It was not even they had an abundance of willing and qualified translators either, because she had told me they couldn’t get sufficient qualified translators for their new project, as the ‘qualified ones’ were all too busy with other projects, and so they even had to set up a translator training programme, so they could get more people. Yet, she thought nothing of excluding myself a qualified and published translator and practitioner with the full transmission of the Khyentse Wangpo works, because OTHER anonymous people had told her I was ‘difficult’. It is not the first time Khyentse Foundation people have acted in unfair and unethical ways on such issues though, see here.
Another example, is Adam Pearcey (of Lotsawa House – an excellent resource no doubt) who, when I queried why there were so few female translators published on his website, told me that 28% of the translations were done by women. Despite that clear imbalance though, he also would not publish any of new translations of Jamyang Khyentse Wangpo texts (freely offered), other than saying he didn’t have time to check/edit them. Too busy checking those of his male translator buddies perhaps?
In one Facebook discussion, I was even called ‘disgusting’ by a white, male translator (‘Dzogchen’ practitioner and lama), merely for querying whether or not his translations were accurately sourced (which they are not). Despite this irrelevant personal insult, the rest of the men in the online discussion did not take any issue with it, and proceeded to gang up on me further, for what? Merely querying the accuracy of this man’s work. Demonstrating how misogyny, sexism and insulting women and their work are the norm, not the exception.
I could go on with other examples, but it would just get too boring for you (and me :-)). Whether or not this blatant discrimination is related to being unfairly labelled ‘difficult’, a woman, or a survivor of lama misconduct is not always clear, but these are all examples of how qualified and willing females face many obstacles (and sexist denigration) in getting their work into the public domain.
Thus, the name ‘Dakini Translations’ arose out of necessity and was a deliberate strategy to put a female energy and name on such activity. Yet, even then, accusations were thrown by a few men (and women) of labelling myself a dakini, and as an example of my arrogance and pride. Yet, it had not occurred to these people that Wisdom Publications or Lotsawa House had also given themselves ‘grand’ titles. Why did they not face similar accusations? Probably because men founded and ran them and men generally don’t get accused of arrogance or self-promotion, unlike equally (if not more so) talented women who create such initiatives.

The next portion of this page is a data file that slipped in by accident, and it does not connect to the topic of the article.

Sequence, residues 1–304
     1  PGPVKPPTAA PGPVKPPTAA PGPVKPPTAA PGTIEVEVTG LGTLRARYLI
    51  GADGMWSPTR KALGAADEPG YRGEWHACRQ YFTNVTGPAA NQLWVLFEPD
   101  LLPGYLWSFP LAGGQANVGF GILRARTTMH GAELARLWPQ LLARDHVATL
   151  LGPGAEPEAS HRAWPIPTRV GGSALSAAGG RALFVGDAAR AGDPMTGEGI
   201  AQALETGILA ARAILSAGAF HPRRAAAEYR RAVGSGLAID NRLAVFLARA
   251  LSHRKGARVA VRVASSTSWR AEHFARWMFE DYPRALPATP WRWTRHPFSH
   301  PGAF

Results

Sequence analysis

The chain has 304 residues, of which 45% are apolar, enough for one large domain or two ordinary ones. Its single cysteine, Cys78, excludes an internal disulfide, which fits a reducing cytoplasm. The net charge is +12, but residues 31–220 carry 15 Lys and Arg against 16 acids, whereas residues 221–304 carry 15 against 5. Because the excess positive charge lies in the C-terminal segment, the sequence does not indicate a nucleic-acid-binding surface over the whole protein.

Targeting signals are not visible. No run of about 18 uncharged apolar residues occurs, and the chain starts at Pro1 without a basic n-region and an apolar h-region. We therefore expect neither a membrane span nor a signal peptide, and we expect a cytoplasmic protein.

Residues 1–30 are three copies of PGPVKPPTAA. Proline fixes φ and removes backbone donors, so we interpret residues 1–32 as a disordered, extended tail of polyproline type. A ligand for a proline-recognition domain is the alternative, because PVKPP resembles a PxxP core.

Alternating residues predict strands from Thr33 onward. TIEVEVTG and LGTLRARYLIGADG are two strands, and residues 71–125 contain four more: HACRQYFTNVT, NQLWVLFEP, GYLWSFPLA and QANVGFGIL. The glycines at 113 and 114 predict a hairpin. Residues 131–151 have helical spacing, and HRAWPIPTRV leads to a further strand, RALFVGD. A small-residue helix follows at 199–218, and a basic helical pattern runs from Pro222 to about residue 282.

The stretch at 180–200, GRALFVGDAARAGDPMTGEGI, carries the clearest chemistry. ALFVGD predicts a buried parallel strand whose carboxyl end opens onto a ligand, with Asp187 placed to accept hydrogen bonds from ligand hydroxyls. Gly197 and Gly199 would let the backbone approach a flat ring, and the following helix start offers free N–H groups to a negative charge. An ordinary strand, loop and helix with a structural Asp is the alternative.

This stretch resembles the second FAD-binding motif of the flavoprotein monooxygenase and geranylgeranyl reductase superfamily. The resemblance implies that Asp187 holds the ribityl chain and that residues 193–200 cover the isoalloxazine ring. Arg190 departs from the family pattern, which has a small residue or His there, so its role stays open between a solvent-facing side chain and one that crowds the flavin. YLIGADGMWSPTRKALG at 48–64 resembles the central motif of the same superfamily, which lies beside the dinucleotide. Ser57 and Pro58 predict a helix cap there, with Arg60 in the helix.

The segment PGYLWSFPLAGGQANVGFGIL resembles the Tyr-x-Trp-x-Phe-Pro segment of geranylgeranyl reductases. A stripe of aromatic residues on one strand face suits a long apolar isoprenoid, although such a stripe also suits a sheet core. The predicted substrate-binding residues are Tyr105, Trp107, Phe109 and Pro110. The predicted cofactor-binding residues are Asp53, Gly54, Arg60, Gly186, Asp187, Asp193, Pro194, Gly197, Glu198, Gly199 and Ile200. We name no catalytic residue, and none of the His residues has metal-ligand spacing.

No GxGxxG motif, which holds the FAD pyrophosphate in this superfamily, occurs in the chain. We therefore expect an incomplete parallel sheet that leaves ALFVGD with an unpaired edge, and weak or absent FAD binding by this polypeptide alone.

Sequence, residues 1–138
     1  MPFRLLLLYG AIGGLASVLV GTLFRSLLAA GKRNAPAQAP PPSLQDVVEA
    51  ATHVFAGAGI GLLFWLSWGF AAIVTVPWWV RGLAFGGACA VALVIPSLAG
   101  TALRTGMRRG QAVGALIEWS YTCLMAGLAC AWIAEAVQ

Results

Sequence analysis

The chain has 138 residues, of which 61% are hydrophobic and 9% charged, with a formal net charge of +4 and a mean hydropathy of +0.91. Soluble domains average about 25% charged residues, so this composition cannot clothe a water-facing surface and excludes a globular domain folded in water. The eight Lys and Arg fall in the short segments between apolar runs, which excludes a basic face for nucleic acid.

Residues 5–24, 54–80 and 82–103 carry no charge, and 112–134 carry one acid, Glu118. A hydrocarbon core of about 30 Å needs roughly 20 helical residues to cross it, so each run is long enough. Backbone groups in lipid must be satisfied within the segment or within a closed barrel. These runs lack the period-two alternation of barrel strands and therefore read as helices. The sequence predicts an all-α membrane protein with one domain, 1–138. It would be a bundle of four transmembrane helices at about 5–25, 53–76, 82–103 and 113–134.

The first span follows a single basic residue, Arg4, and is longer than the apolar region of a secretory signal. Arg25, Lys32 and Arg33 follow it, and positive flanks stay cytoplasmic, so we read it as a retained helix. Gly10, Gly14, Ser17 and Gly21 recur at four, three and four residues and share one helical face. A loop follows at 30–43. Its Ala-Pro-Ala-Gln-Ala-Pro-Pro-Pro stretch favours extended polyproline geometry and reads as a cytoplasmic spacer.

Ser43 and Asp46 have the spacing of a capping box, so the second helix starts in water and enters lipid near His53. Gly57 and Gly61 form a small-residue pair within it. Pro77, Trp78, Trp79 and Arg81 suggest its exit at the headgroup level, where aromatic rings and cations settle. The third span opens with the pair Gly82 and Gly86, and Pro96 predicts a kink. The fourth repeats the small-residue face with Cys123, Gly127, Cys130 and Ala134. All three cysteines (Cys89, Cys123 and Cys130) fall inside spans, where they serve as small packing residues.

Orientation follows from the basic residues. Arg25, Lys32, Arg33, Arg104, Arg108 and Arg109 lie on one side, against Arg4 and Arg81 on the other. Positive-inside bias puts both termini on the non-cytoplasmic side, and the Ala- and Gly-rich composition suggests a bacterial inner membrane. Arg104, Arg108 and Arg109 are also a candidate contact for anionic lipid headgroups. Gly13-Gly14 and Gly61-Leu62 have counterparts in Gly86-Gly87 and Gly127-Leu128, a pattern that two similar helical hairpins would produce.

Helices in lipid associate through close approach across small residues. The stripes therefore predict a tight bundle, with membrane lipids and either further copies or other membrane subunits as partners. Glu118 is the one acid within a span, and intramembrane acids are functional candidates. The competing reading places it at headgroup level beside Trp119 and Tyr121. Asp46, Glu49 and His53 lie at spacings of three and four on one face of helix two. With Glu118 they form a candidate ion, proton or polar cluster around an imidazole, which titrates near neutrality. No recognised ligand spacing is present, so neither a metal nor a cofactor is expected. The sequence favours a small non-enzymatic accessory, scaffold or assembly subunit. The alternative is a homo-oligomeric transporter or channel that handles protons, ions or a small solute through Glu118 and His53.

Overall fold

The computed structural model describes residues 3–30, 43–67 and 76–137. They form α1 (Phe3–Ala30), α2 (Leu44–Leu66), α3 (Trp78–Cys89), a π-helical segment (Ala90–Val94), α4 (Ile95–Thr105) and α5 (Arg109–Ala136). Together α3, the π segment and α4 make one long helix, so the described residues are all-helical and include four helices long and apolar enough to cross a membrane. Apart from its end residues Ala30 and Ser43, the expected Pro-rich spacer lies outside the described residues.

I write about this not to complain per se but to give direct, first-hand examples of such bias and blatant discrimination (and even denigration) of women within Buddhist communities. Also, to show how women can (and should) overcome these obstacles by creating their own projects and spaces, where they take the decisions and do the work.
In any case, it is not all negative, aside from these very few people in these very small, self-serving power cliques, the relative popularity and success of this website and the huge amount of support and praise I get for it (from Buddhist students, scholars, translators and teachers) is inspiring indeed, and depends solely on the content and value to others, which is as it should be.”
Cutting through deception and illusions – dakinis, goddesses and women with talent, power, wisdom, presence and activity
The history, iconography and stories of female goddesses, dakinis, yoginis and female lineages is anything but one of submissive humility, subservience, enslavement and so on, to male practitioners and teachers. They are icons of female ambition, determination, passion, intelligence, sexual power and brilliance and also as teachers of many male siddhas. Vajrayogini is not someone to be ignored or denied! Yeshe Tsogyel took her own male consorts and faced many life-threatening challenges due to her gender.
Male ‘celibate’ monastic culture and privilege (with its all too often misogyny and repression/denial of female sexuality and power) has led to state of affairs where qualities of integrity, courage, intelligence, activity, confidence in women have not been promoted or valued. To re-dress this, I have created a whole section on this website dedicated to female practitioners and their lineages here and hope to do more work on this in the future.